Microsoft Email-Access Fight With US Gets Supreme Court Review

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The case began in 2013, when USA prosecutors got a warrant to access emails in a drug trafficking investigation.

The lower court ruling put stored electronic communications held overseas beyond the reach of USA prosecutors even when there is probable cause that they contain evidence of a crime, Justice Department lawyers said in court papers.

The technology case arose from a federal drug investigation. In 2014, the court ruled that police need a warrant to search a cellphone seized during an arrest.

Finding that current laws were "for the era of the floppy disk, not the world of the cloud" Microsoft is also urging members of Congress to pass new legislation, mainly the International Communications Privacy Act (ICPA) of 2017. The case differed slightly to Microsoft's case, however, in that this data was regularly moved around the world to improve speed - and was never meant to be stored in one specific location.

"Under this opinion, hundreds if not thousands of investigations of crimes - ranging from terrorism, to child pornography, to fraud - are being or will be hampered by the government's inability to obtain electronic evidence", Deputy Solicitor General Jeffrey Wall argued in court papers.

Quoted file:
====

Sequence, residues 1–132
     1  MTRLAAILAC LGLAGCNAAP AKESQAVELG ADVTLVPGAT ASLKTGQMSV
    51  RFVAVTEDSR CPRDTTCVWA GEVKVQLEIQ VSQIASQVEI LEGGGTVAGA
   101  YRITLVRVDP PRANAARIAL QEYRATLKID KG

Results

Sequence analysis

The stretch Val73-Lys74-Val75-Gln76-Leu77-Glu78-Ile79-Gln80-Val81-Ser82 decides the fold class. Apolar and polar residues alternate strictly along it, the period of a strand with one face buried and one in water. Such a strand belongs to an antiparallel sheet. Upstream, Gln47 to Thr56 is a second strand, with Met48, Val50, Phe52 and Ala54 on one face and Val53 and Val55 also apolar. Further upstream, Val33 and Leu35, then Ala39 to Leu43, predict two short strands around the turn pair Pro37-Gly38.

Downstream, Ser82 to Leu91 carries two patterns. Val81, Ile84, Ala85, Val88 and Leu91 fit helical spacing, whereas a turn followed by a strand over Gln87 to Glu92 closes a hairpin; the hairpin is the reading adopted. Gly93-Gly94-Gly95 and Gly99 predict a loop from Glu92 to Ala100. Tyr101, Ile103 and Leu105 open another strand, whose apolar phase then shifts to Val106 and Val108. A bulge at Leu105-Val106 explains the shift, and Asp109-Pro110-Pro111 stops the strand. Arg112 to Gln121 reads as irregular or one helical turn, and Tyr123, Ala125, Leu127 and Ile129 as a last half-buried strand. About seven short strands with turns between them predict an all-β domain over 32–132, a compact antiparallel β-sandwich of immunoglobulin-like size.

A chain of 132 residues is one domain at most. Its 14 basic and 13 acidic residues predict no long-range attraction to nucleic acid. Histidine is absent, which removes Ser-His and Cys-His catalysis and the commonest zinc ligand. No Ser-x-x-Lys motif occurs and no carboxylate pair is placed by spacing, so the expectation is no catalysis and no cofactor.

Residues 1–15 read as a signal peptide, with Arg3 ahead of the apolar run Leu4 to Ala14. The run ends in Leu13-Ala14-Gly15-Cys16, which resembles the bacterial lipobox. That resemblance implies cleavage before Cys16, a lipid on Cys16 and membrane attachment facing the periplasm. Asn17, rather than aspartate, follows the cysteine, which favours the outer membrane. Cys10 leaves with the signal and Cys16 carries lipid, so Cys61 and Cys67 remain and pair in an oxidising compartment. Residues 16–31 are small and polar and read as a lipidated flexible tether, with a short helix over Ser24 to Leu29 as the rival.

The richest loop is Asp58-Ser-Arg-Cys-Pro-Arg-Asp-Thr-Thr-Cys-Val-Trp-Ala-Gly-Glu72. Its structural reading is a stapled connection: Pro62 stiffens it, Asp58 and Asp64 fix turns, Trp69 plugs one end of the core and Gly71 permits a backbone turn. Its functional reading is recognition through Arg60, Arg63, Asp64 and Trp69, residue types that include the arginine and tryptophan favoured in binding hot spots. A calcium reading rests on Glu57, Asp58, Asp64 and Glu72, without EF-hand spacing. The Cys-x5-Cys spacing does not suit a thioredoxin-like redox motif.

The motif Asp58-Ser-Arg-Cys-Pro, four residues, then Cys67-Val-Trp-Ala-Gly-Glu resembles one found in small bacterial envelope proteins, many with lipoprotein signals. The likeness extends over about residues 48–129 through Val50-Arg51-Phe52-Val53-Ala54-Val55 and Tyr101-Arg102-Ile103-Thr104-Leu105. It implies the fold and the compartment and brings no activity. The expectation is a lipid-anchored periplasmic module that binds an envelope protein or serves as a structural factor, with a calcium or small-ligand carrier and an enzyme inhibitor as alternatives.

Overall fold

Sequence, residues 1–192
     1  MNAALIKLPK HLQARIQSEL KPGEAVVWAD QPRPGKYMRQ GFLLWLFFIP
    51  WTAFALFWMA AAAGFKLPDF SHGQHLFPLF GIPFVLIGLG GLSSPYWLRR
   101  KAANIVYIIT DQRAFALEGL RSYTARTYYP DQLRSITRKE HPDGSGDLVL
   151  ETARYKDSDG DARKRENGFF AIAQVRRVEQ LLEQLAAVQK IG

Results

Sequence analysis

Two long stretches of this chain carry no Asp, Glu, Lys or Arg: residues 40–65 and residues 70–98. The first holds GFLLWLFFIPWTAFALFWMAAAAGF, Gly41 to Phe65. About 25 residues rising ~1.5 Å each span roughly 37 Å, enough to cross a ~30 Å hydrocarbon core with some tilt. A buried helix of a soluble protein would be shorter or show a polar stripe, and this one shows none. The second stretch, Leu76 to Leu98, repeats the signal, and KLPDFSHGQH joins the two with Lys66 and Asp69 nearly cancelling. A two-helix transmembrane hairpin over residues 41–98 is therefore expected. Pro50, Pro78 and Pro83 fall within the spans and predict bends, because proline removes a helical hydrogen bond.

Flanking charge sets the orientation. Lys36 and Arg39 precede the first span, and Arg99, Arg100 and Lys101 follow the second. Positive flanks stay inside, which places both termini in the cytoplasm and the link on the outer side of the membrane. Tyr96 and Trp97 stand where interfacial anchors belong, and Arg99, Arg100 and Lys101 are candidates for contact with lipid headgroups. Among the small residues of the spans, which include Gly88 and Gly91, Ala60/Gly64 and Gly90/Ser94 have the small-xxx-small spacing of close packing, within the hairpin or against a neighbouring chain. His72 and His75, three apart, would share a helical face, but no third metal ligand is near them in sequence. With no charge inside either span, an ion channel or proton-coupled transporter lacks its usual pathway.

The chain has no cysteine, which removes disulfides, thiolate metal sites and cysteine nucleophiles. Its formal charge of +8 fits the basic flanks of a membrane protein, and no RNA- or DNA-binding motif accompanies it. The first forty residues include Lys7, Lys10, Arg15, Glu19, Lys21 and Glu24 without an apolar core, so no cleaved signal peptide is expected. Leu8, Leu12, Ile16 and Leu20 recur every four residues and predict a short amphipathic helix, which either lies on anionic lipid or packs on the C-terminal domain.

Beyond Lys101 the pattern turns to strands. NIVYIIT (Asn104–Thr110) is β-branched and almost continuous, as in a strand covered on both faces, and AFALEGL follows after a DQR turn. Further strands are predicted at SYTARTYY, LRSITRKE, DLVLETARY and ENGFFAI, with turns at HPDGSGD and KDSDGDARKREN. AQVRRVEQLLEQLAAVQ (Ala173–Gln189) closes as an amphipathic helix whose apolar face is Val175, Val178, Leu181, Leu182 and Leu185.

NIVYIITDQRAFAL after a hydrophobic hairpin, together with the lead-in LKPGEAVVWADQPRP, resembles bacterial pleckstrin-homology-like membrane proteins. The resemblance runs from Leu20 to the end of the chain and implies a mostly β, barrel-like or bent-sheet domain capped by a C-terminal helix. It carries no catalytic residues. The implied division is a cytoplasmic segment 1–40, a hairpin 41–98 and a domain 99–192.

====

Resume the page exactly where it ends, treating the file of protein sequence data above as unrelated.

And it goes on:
Last July Microsoft seemingly won a court scrap with U.S. law enforcement, meaning that data stored in foreign datacentres could not be seized under current legislation for criminal investigations.

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The case will pit federal and state officials against the technology industry, which has lined up behind Microsoft in the litigation.

A federal magistrate judge in NY in 2013 granted the government's request to issue a warrant for the data under a 1986 federal law, the Stored Communications Act. "If US law enforcement can obtain the emails of foreigners stored outside the United States, what's to stop the government of another country from getting your emails even though they are located in the United States?"

Last year, the 2nd Circuit ruled that the company had not violated antitrust laws by insisting in its contracts with merchants that they do nothing to encourage patrons to use other cards. The US Court of Appeals for the Second Circuit found against the Government on this issue.

Whether that's a valid concern or irrational fear, Microsoft is upbeat about the Supreme Court challenge.

Eleven states asked the Supreme Court to hear the case, saying that the appeals court's decision was at odds with established antitrust principles and affected "an astronomical number of retail transactions in the United States".

It contradicts the basic premise that before a USA statute reaches across another country's borders, it should be clear that's what Congress intended when it passed the law.